Highland Park City Council members are considering a proposal that would require new residential homes built in the city to include indoor sprinkler systems to control house fires.
Some argue the sprinkler systems would save lives, while others say the costs outweigh the benefits. Depending on the size of the house, a sprinkler system can cost around $10,000.
Highland Park Fire Chief Patrick Tanner put forth the ordinance proposal.
"It is my job as a fire chief to protect the lives and properties of the citizens in Highland Park," Tanner said, noting that 68 other communities in the Chicagoland area have a similar ordinance.
According to Tanner, there has not been a fire fatality in Highland Park in about 20 years. On average, there are about 10 residential fires in Highland Park annually.
From 2001 to 2007, there were 88 fires in Highland Park, according to a slide show presented by Tanner at the last City Council meeting. Twelve of the fires were in buildings with sprinkler systems, and there were no deaths or injuries. The other 76 fires were in structures without sprinkler systems. There weren't any deaths, but eight civilians and five firefighters were injured.
Opponents to the proposal point out that 42,000 people die every year in traffic accidents, while 4,000 people die annually in residential home fires.
Nationally, 90 firefighters died while on duty in 2009, according to a U.S. Fire Administration report. About 14 percent of those deaths were due to firefighters getting caught or trapped in burning houses.
"This is a situation of misdirected resources," said Howard Handler, who is the government affairs director for the Northshore-Barrington Association of Realtors. " It's like using sledgehammer when a hammer will do."
Fire fatalities have been significantly reduced by smoke detectors, which range in price from $10 to $100.
"These systems are absolutely not necessary," said Eric Barton, graduate master builder with Biltmore Homes Inc. "The sprinklers are a very expensive solution to a problem that does not exist."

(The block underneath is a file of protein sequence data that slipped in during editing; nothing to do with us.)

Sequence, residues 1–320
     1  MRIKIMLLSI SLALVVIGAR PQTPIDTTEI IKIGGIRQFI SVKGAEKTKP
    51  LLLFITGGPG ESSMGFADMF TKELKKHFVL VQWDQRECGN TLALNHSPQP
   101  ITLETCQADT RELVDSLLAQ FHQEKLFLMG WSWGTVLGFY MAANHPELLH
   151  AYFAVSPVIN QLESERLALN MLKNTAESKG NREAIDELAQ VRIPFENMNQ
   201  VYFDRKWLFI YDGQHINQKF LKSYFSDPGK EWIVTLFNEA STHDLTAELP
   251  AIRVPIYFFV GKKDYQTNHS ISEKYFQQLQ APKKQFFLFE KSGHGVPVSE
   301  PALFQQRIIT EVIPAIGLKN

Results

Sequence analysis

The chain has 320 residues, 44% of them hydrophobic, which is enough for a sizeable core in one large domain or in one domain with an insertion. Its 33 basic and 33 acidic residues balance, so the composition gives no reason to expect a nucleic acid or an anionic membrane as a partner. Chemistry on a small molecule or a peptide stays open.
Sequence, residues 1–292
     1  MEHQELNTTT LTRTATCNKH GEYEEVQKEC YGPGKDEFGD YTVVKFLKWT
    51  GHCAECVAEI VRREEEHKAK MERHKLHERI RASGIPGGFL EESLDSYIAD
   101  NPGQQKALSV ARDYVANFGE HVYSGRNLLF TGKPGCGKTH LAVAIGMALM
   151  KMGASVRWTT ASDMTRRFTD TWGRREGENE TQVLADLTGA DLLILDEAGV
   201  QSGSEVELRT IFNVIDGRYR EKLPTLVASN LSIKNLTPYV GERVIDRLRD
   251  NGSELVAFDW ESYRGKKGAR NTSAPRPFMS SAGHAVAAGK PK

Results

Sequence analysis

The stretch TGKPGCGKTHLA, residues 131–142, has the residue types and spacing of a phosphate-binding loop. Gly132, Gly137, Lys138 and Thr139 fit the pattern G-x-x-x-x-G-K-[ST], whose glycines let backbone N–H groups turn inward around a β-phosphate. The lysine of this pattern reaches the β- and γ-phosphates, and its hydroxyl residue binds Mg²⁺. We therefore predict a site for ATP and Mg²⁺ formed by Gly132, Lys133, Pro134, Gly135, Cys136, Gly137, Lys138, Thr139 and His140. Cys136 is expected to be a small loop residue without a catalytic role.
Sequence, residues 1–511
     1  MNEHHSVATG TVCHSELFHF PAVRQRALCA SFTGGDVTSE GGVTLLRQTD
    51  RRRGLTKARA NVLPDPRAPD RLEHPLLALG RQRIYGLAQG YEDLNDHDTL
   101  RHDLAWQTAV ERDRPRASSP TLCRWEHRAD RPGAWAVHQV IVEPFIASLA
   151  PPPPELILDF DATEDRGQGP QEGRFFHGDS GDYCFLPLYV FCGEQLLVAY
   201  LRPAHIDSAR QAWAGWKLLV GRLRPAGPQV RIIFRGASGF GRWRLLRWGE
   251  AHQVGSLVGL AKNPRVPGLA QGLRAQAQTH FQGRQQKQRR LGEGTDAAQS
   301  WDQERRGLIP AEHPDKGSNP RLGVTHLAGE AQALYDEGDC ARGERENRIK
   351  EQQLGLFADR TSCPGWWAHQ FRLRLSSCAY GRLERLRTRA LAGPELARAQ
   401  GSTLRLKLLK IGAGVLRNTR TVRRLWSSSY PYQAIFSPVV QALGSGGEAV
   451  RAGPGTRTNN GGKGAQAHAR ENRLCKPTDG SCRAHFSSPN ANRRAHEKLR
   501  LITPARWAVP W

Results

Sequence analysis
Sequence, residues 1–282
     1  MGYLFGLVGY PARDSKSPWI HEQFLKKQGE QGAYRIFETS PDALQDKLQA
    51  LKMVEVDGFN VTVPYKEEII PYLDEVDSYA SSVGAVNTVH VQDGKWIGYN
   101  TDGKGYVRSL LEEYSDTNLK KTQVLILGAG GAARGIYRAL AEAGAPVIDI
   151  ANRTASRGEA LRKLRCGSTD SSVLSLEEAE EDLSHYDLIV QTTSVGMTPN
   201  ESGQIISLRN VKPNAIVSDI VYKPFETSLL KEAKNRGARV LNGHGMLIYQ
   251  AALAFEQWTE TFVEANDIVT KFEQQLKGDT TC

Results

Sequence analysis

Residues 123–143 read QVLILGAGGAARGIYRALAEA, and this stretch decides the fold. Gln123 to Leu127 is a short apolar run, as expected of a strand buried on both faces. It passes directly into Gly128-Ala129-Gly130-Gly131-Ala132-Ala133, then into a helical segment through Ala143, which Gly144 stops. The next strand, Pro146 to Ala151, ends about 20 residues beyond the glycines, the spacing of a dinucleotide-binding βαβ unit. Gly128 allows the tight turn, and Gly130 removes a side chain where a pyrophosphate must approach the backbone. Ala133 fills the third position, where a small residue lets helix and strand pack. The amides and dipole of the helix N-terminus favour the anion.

Industry representatives heavily push home sprinkler systems, Barton said. Forcing homebuilders to install these systems in newer homes is even less practical because most house fires occur in older homes, he added, because newer homes are built with better electrical systems.
Tanner pointed out that most fires occur, in part, because of negligence of residents, such as unattended candles or still-lit cigarettes, and sprinklers can save lives in these situations.
Last Monday, Tanner presented the city council with studies done in Scottsdale, Ariz., and Prince George's County, Md. These studies found significantly lower fatality rates and reduced property damage rates in homes equipped with sprinkler systems.
Neither study mentions whether working smoke detectors were present in the homes with fire fatalities, and both studies were partly sponsored by the Home Fire Sprinkler Coalition. Either way, the data supports the use of home sprinkler systems, Tanner said.
About fiveyears ago, Elgin city officials did away with a similar proposal that would have required all new houses to have the indoor sprinkler systems.
"The data didn't support the expense," said Elgin Mayor Edward Schock.
The added cost should be the homeowners' decision, Schock added, noting that in these difficult economic times, the affordability of the systems is an important decision for buyers.
During that decision, Elgin city officials cited residential fire studies and statistics. From 1990 to 1999, there were three residential fire fatalities in Kane County. The fatalities were citizens, all of whom were in older homes with non-working smoke detectors, Schock said.
In 2002, Glen Ellyn implemented a similar sprinkler ordinance. Although there was concern at first, the implementation of the ordinance seems to be going smoothly, said Staci Hulseberg, director of planning and development for the Village of Glen Ellyn.
"People have come to understand that this is part of the regulations," Hulseberg said.
Illinois is one of a handful of states that does not have a statewide building code. Most municipalities in the state use the international building code, but decide independently what to require in buildings.
Highland Park City Councilman Steve Mandel said that because the information is new to them, no decisions or opinions have been made. About two years ago, the council did discuss a similar proposal, and no action was taken.